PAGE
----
"There are those that see JSF as the last manned fighter. I'm one that's inclined to believe that."
-- Adm. Mike Mullen, chairman of the U.S. Joint Chiefs of Staff
Thanks for the introduction, Admiral, and welcome back, Fools, to the lucky seventh installment of our continuing series covering the rise of the machines.
As the chairman suggested, Lockheed Martin (NYSE: LMT ) only just began building Lightning II fighter jets (nee the "JSF"). Yet already, the plane seems obsolete before its time -- made so by the advent of unmanned aerial vehicle (UAV) technology. And indeed, the merry, merry month of May was a busy one in the exciting world of flying model airplanes ... that kill. Let's dive straight into the news:
The U.S. Marine Corps Wants YOU!
... to come up with a better way to resupply troops in the field. In April, the USMC solicited bids for a system to resupply field units with unmanned aerial vehicles, and the military industrial complex swiftly answered the call.
Rolling with the punches, Lockheed proposed supplying Marines with use of an unmanned K-Max helicopter called the Burro+. (Not to be confused with Lockheed's four-wheeled beast of burden, the MULE.) Northrop Grumman (NYSE: NOC ) quickly objected that its RQ-8B Fire Scout, currently undergoing testing with the U.S. Navy, is the horse to beat. Meanwhile ...
The buzz about Boeing
Boeing (NYSE: BA ) just announced its own entry into the competition, suggesting that the firm's mysterious A160T Hummingbird will provide "unmanned aerial vehicles to deliver supplies in lieu of putting trucks and personnel on dangerous roads."
As you may recall, SOCOM tapped the Hummingbird last month to fulfill a requirement for 20 unmanned "strike and surveillance aircraft" needed between FY 2012 to FY 2017. But while the Special Ops guys want to turn the Hummingbird into a first-person shooter, it seems the Hummingbird has no objection to hauling freight, too. Hearing the Marines needed an airborne mule, Boeing was happy to oblige.
Now there is a hitch. According to the Marines' solicitation, they're looking for UAVs capable of lifting 20,000 pounds. of supplies and carrying them on a 150-mile round trip. And they want these choppers chop-chop. Ideally, the new birds should be ready to deploy by February.
This could be a problem, because while it's certainly pretty, the Hummingbird's also a bit of a lightweight. The 35-foot-long unmanned helicopter can hover at 20,000 feet and cruise at more than 140 knots. It’s already proven its excellent endurance by completing a flight that lasted over 18 hours. But its payload is just 2,500 pounds. (Perhaps the Marines can buy them by the dozen?)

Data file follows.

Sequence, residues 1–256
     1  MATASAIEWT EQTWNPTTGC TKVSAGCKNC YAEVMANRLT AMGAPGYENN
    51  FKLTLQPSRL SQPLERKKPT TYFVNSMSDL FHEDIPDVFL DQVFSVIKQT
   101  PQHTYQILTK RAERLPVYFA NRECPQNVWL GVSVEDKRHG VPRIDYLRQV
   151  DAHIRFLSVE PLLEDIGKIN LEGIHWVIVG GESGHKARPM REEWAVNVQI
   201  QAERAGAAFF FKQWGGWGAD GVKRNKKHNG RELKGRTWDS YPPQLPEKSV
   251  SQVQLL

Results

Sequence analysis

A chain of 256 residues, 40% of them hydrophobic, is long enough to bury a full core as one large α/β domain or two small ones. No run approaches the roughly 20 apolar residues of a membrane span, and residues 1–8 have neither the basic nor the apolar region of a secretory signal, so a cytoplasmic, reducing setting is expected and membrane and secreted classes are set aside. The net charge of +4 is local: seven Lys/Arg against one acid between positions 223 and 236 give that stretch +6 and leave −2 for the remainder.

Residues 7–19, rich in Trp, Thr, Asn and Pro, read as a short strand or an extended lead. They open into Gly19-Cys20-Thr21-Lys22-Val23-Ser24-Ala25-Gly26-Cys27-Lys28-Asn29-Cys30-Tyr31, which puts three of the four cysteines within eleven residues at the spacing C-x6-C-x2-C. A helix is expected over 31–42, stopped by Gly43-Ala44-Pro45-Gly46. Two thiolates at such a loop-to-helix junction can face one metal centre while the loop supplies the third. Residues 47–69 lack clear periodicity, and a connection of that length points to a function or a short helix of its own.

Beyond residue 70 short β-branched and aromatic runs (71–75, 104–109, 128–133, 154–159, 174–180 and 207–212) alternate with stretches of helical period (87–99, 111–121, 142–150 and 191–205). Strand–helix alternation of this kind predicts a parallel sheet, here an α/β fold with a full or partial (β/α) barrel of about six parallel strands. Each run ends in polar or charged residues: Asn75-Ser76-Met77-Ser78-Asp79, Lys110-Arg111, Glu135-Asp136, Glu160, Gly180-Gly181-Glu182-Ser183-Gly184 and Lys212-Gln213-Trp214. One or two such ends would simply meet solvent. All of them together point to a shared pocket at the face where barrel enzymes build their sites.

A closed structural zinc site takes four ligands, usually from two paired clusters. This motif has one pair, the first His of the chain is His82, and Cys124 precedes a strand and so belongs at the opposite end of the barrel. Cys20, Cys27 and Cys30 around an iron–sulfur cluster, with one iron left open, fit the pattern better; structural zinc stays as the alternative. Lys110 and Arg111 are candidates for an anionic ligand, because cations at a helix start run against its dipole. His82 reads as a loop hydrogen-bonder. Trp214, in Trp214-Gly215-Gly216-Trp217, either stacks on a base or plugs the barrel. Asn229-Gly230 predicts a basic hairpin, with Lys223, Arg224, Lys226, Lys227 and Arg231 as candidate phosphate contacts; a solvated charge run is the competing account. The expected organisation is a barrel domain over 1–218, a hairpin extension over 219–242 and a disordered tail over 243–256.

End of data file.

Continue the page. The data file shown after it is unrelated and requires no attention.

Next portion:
We're going to the show!
Now let's shift our focus from robo-copters to model airplanes. In a true Bull Durham moment, Elbit Systems (Nasdaq: ESLT ) looks finally ready to play in the big leagues of U.S. defense contracting. Last month, the Israeli firm announced it's teaming up with defense contracting legend General Dynamics (NYSE: GD ) to create a joint venture -- "UAS Dynamics, LLC" -- to sell UAVs to the U.S. military. The relationship here mimics the alliance General Dynamics forged with Force Protection (Nasdaq: FRPT ) back in 2006, in that it will be a 50-50 joint venture.
Now, you may ask, what spurred this decision to team up in the first place? The press release says it all: "UAS Dynamics is an American company ... " And as such, UAS Dynamics won't be a victim of "Buy American" bias when defense contracts are doled out. (To the contrary, now Elbit's on the inside, looking out.)
Thus, in this marriage of unequals, it appears the General primarily brings an "in" with Congress and the Pentagon to the table. Elbit's contribution will be more substantial: two successful UAV models -- Hermes and Skylark. Hermes in particular has seen action recently in Sudan and Georgia, and received wide praise for its performance in both theaters.
Look, up in the sky! (Um, I don't see anything.)
Before we close, I want to take one last look back at Boeing. In May, Boeing announced it's developing a prototype UAV that's as big as a jet fighter (remember the Admiral's comment above?).
Dubbed the "Phantom Ray," the project evokes invisibility, and for good reason: Boeing doesn't ... actually ... have a Phantom Ray yet. But stay tuned for progress reports. From artists' renderings of how the Phantom Ray is supposed to look, it appears to borrow from Raytheon's (NYSE: RTN ) KillerBee "flying wing" design (in turn, borrowed from Northrop). One time may have been a coincidence, but three companies latching onto the same concept? This suggests the new design idea is taking off.
Now, we started today's column with a defense quote. To highlight the importance of investing in firms that identify popular trends and claim their fair share early, let's end with another quote:
"This is one of the significant growth areas in the budget ... We are really placing a major bet in this area."
-- Defense Secretary Robert Gates